If you’ve already committed to incorporating more yogurt into your diet (congratulations), the next step is to make sure you’re getting the full benefits possible. Whether you like flavored yogurt, Greek yogurt, skyr, or non-dairy plant-based yogurt, registered dietitian and nutrition expert Kristie Leigh, RD, director of scientific affairs at Danone North America, has tips that will ensure you get the most out of it. most out of every delicious spoonful.
How to make the most of yogurt’s benefits for gut health and digestion, according to an RD
1. When shopping, keep yogurt cold by placing it next to other cold items in your basket
Dairy-based yogurt must be kept cold for food safety reasons. But temperature matters when it comes to all types of yogurt, including plant-based ones, and here’s why (in addition to the food safety factor): According to Leigh, yogurt should stay between 32°F and 45 °F to protect her live, active gut-stimulating cultures, and she has some practical suggestions for maintaining that temperature.
First, Leigh recommends keeping yogurt in your cart next to other cold or frozen items while you shop, then bagging those same items together to keep the yogurt cold on the way home. Once home, store yogurt on a middle shelf, avoid the refrigerator door, where temperatures fluctuate more. “This will help ensure that the live, active cultures and quality of the yogurt are maintained,” says Leigh.
2. A little research can help you find the yogurt that meets your needs
Leigh points out that not all yogurts contain probiotics and that there are many types of probiotic strains, each conferring different benefits. Knowing which specific strains (if any) are in your yogurt is key to knowing what you’re getting out of it. For example, according to Leigh, the widely used Lactobacillus Rhamnosus GG The strain has been shown to support immune health. It’s not always simple, however. For one thing, Leigh notes that the Food and Drug Administration (FDA) does not regulate the use of the word “probiotic” on food labels. This means you’ll have to dig deeper to learn about specific strains, especially since not all yogurts contain probiotics.
The first step, Leigh says, is to look on the product label for specific yogurt strains. The names of these strains usually consist of the genus, species and specific strain, expressed as a combination of numbers and/or letters. Plugging the strain name into a search engine can help you determine what benefits, if any, that particular strain is associated with. “There are products that contain many different ‘probiotics’ in one formula, but without the strain information, you won’t be able to determine if the bacteria in the product are actually studied probiotic strains or cultures with no studied benefit. “, says Leigh.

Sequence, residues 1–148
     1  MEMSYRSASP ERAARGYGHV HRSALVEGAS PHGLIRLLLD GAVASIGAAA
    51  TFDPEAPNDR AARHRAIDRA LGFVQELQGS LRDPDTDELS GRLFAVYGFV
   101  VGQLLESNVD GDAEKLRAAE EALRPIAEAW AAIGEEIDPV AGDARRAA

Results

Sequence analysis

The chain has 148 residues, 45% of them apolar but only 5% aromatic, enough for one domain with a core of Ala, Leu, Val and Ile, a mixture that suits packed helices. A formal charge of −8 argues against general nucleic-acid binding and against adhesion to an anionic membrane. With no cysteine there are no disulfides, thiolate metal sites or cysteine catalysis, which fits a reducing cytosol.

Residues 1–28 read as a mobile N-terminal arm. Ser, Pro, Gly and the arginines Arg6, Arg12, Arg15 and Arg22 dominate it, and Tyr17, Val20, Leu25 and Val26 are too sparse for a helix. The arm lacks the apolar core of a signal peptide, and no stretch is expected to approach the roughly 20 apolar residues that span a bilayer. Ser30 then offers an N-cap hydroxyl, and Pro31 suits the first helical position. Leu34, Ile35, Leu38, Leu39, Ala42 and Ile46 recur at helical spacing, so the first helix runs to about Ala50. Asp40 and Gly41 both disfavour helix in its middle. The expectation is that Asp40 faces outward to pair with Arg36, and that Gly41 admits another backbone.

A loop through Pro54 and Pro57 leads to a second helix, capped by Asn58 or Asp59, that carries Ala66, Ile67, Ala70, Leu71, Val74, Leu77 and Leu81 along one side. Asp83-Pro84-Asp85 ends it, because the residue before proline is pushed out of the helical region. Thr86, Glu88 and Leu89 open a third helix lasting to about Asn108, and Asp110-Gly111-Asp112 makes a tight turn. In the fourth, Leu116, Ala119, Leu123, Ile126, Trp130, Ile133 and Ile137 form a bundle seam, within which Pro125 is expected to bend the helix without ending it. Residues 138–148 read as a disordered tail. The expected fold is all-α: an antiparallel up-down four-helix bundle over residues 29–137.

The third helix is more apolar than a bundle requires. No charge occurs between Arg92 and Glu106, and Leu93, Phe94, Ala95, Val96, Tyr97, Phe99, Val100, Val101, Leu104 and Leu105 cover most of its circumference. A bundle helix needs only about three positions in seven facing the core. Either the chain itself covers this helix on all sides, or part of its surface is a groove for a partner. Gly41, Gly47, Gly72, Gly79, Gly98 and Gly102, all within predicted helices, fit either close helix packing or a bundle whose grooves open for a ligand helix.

Leigh also points out that when it comes to the number of probiotic strains in a serving of yogurt, more is not always better. “Depending on the benefit you’re looking for, you may only need one probiotic strain to get that benefit,” she says. The same goes for the number of colony forming units (CFU), which is the number of living microorganisms in the product. “The number of CFUs needed to get the benefit depends on the probiotic strain, so without a bit of research it’s hard to know if you’re getting the amount needed,” says Leigh.
Leigh also recommends looking for probiotic products with multiple benefits. “For example, some brands of yogurt can do double duty by supporting your gut health as well as your immune system. The all-new Activia+ multi-benefit drinkable yogurt is a great example: it’s packed with probiotics, supports your gut health, and has like vitamin D, zinc, and vitamin C to help support the immune system.”
3. Pair your yogurt with plant foods to diversify your diet
While yogurt can do a lot of work on its own when it comes to gut health, mixing it with plant-based foods can add extra flavor, texture, and gut-boosting benefits.
Citing findings from the American Gut Project, a crowdfunded citizen science project that collects data on the human microbiome, Leigh notes that people who ate 30 different types of plants per week showed greater diversity of gut bacteria. , an indicator of good intestinal health. —compared to those who consumed 10 plants or less per week. “Fortunately, many plant-based foods pair deliciously with yogurt, such as fruits, grains, vegetables, and even nuts,” says Leigh. Take-out? Topping your yogurt bowl with dried cranberries, cherries, banana slices, peanut butter, toasted almonds, or chia (or all of the above) is a major move for your gut health.
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